From The Times July 03, 2006
By Gabriel Rozenberg, Economics Reporter
BRITAIN has topped the European league table for wealth creation, with its leading companies generating more value and doing so more efficiently than their continental rivals, a study shows today.
A report from the Department of Trade and Industry reveals that European value added — defined as the money a business generates when its costs are deducted from its sales — is concentrated in the UK, France and Germany, with Britain in the lead.
Among the 700 major companies across Europe surveyed by the DTI, those based in Britain generated 25.9 per cent of value added, up from 24.2 per cent last year, implying that UK firms are increasingly profitable.
Both France and Germany have seen their share of value added decline in the past year: France’s share fell to 20 per cent from 20.7 per cent, while major firms in Germany, Europe’s biggest economy, created just 18.5 per cent of new wealth compared with 19.3 per cent the previous year.
The report contains a value added scoreboard, topped by Shell and BP, which it lists as having generated £31.6 billion and £26.8 billion of new wealth respectively in the past year.
Mike Tubbs, an industrialist who compiled the scoreboard for the DTI, said that it showed that French and German strategies to boost “national champions” in every sector were not as successful as Britain’s more open approach.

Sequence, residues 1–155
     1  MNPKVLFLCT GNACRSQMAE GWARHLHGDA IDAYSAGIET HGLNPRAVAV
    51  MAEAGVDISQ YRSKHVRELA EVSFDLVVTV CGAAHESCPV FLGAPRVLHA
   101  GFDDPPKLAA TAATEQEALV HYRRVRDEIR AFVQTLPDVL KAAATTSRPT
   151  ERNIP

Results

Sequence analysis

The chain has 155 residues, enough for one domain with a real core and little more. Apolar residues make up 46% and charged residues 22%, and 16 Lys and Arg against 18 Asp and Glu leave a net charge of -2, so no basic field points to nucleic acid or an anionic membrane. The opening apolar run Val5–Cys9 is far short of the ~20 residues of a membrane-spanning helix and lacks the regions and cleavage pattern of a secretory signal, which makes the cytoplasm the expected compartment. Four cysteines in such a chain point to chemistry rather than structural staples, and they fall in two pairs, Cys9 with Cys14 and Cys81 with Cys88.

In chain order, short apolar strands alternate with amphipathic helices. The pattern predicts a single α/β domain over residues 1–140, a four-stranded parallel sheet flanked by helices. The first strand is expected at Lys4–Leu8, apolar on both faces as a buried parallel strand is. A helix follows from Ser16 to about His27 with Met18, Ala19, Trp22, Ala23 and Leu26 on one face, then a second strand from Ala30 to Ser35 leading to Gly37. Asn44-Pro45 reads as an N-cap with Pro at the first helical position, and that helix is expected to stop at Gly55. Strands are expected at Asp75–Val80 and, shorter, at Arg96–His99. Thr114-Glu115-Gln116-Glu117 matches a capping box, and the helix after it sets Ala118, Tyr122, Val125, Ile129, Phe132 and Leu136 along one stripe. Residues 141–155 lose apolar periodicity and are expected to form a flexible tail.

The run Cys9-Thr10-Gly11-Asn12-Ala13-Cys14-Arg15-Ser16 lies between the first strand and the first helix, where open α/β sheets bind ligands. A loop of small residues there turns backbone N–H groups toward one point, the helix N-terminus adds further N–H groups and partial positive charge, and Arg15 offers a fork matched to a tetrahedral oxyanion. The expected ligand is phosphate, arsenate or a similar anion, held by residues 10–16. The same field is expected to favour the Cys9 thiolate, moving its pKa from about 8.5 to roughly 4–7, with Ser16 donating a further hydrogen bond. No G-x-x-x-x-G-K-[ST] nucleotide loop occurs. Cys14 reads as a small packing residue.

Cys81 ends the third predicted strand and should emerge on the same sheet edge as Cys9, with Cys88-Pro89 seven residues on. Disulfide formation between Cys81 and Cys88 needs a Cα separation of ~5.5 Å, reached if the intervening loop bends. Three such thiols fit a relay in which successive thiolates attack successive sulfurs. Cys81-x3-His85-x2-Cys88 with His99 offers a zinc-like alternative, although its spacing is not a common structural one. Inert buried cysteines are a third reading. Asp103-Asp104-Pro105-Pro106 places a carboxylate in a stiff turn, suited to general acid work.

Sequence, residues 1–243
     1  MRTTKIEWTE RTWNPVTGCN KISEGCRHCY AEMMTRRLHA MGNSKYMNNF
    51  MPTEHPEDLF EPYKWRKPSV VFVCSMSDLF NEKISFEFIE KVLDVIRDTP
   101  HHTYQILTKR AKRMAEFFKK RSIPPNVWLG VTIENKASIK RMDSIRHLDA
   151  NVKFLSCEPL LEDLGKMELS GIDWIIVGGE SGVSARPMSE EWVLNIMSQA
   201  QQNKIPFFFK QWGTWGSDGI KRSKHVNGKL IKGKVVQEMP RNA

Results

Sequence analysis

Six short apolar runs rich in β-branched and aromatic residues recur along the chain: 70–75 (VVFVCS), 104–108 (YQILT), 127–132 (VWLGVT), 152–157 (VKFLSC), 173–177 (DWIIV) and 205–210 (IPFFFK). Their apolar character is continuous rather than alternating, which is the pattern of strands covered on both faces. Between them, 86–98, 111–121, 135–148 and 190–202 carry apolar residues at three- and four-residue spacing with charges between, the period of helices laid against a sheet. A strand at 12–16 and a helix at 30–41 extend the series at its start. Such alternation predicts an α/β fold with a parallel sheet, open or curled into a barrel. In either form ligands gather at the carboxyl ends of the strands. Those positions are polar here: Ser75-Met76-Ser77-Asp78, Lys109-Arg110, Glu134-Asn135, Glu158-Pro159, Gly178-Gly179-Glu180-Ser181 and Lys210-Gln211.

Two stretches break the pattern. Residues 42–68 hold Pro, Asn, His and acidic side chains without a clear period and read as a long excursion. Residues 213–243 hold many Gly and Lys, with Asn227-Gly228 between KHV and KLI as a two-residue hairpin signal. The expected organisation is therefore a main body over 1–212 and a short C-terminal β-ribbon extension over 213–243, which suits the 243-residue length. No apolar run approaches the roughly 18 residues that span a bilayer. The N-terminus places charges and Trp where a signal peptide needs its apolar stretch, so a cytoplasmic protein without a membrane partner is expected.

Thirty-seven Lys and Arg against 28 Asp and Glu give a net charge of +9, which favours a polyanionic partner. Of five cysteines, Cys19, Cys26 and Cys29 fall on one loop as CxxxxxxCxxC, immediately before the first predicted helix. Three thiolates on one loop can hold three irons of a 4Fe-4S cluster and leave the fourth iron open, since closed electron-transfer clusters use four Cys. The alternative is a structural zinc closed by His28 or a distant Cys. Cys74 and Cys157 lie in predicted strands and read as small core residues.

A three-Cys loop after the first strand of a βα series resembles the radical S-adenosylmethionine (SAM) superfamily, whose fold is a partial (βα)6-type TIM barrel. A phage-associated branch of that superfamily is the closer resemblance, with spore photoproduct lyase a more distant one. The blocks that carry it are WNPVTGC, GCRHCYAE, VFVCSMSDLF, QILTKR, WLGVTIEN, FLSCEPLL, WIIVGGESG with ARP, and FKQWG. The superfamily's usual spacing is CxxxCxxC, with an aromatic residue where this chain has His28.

He said: “We have got a good sector mix. We tend to have quite a high presence in the sectors which give a higher return on inputs, and a lower presence in the sectors which have lower returns but high investment requirements, such as the automotive, electronics and engineering sectors.”
Across Europe, the strongest growth rate for value added is in the oil and gas-producing sector, followed by non-life insurance and then banking. Retail is listed as the sector with the slowest average growth rate for new wealth.
The report also examines how much value added is generated for every £1 of costs, using a measure called P2, or wealth creation efficiency.
The top company for wealth efficiency, which created £3.74 of new wealth for every £1 spent, was Mediobanca, Italy’s largest investment bank.
Second on the list was Imperial Tobacco, which made £3.61 for every £1 spent, and third was BG Group, the energy company, at £3.24.
The report says that companies’ P2 score is well-correlated to their performance on the stock market, and also finds that companies that have higher wealth creation efficiency generally invest heavily in their businesses.
The worst-performing listed company in the survey for wealth creation was Alitalia, the Italian airline, which generated 49p for every £1 spent last year, the report showed.
National Express was the weakest such UK company in the study, which made 60p for every £1 of income generated, although that was an improvement on the previous year.
Alistair Darling, the Secretary of State for Trade and Industry, said: “This is an outstanding performance from UK companies across a wide range of business sectors. Their wealth creation is a firm foundation for continued UK prosperity.”
He said that British competitiveness depended on companies’ ability to create higher levels of value added through innovation.